Accepted Paper:

Contested rewards: the rewards of ethnographic media practice  
Sarah Pink (Monash University)

Paper short abstract:

This paper draws from existing literature and my own research to explore the 'rewards of media practices' in ethnography.

Paper long abstract:

This paper draws from existing literature and my own research to explore the 'rewards of media practices' in ethnography. Given that different scholarly approaches to ethnography make different claims to the rewards that media might bring this offers an interesting case study through which to examine how the rewards of media practices can be contingent and contested.

While during the twentieth century the use of media in ethnographic practice was little appreciated by the mainstream 'ethnographic' disciplines, in recent years visual methods and media have become increasingly popular. In this paper I interrogate the implications of these shifts. I will review the 'rewards' that ethnographers using visual methods claim to gain from their practice the epistemological bases for these being understood as rewards. In doing so I reflect on the notion that the use of audio-visual media can bring rewards (e.g. deeper knowledge, new ways of understanding, participatory forms of representation etc) into ethnographic practice. I will suggest that ethnographic media practices form part of a shifting debate about the nature of ethnographic practices. Media practices are argued to bring certain 'rewards' to ethnographic knowledge, yet the nature of the rewards is contingent on methodological approaches and epistemological foundations. Different collectivities of ethnographers with varied disciplinary and/or theoretical affiliations become recruited to different practices and epistemologies. Thus the rewards of media in ethnographic practice are themselves contingent and riddled with all the uncertainties of scholarly debate.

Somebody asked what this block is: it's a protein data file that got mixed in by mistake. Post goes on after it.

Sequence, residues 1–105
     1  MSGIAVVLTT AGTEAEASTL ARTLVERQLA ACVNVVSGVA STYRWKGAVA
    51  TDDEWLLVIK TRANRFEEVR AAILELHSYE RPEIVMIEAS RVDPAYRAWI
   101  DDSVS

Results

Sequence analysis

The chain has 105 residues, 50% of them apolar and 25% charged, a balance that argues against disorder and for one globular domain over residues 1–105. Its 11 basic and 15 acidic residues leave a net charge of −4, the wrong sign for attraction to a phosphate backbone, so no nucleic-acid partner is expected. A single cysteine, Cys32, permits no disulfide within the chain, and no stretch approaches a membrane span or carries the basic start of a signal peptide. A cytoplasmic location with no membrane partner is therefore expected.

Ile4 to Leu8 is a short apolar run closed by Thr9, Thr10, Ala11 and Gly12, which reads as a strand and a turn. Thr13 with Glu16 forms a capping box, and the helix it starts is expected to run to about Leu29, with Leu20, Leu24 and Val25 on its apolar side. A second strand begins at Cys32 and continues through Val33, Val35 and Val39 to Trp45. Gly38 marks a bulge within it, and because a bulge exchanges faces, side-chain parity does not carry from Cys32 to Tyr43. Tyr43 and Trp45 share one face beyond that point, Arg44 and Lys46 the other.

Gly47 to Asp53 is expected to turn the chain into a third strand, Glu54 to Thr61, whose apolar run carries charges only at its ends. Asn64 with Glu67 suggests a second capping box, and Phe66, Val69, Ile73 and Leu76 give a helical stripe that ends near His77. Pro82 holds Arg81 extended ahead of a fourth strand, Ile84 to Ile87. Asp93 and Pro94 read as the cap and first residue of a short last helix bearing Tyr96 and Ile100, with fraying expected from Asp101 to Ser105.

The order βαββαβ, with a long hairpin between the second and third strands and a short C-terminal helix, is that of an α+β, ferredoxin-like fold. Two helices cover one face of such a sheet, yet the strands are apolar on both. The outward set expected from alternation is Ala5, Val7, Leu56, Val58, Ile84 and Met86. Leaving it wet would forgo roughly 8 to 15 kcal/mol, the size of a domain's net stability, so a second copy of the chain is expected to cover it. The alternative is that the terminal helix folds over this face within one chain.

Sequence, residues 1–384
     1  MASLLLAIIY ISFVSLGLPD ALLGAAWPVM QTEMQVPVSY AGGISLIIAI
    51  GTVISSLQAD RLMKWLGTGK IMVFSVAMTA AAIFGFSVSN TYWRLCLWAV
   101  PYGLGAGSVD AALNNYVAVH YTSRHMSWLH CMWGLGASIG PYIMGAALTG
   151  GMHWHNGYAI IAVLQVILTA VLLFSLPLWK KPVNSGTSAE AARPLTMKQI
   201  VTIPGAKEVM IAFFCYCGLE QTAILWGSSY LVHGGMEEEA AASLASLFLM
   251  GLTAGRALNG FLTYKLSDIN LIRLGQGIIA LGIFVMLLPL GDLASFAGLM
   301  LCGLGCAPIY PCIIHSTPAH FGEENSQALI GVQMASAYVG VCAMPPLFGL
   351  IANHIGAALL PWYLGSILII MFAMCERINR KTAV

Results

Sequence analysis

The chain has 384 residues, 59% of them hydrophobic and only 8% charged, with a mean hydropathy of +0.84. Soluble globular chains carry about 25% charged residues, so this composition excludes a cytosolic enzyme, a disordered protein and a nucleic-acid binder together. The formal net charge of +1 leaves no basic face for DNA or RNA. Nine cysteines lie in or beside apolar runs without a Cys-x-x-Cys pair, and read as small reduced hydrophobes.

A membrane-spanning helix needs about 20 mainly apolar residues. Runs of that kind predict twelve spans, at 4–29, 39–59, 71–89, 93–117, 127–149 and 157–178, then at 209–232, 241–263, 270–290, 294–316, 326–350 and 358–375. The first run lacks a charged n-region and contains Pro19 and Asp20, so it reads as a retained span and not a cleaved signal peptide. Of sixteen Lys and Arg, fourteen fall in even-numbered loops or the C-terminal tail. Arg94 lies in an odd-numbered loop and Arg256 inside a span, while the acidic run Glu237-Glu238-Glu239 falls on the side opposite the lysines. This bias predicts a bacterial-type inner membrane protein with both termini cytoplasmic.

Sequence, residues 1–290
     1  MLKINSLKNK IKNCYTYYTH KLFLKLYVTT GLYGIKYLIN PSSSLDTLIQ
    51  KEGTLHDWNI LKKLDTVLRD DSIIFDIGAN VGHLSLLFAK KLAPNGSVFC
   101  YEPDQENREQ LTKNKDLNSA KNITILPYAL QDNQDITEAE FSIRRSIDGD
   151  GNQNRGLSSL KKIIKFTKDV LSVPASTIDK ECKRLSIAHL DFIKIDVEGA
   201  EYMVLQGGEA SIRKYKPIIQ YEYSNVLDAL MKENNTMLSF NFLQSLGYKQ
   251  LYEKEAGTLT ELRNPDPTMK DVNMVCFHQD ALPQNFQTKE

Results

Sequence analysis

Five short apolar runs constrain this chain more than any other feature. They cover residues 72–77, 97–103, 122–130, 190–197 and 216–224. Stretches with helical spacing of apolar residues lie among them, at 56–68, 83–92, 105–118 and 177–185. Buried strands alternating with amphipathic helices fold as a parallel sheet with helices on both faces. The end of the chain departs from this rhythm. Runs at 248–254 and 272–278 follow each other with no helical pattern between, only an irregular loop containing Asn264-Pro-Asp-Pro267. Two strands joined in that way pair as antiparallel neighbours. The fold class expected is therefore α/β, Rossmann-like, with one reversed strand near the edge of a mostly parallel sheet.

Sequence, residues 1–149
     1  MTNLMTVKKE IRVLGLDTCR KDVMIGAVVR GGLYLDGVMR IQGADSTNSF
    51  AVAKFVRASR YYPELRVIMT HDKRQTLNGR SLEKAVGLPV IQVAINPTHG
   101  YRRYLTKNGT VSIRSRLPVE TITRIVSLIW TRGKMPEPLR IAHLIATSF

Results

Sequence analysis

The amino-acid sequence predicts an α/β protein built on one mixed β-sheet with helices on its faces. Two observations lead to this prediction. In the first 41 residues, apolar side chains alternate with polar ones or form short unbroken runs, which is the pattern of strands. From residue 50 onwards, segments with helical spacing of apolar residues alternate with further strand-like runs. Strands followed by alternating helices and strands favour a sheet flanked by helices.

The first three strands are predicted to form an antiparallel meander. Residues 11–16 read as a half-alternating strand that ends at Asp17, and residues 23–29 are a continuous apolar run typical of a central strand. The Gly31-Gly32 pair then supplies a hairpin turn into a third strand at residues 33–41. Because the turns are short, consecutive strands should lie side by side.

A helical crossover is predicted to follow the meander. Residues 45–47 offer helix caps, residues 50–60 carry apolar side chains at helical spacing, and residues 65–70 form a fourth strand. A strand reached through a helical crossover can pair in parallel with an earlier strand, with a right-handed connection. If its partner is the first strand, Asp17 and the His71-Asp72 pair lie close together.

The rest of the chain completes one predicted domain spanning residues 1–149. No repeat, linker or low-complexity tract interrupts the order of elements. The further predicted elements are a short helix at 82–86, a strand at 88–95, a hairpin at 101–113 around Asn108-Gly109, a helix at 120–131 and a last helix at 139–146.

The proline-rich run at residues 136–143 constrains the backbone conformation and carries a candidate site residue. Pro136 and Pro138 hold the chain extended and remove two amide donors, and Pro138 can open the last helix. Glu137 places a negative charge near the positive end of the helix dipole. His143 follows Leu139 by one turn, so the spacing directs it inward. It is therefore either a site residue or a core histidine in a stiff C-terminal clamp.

Panel W068
Media Anthropology network workshop: the rewards of media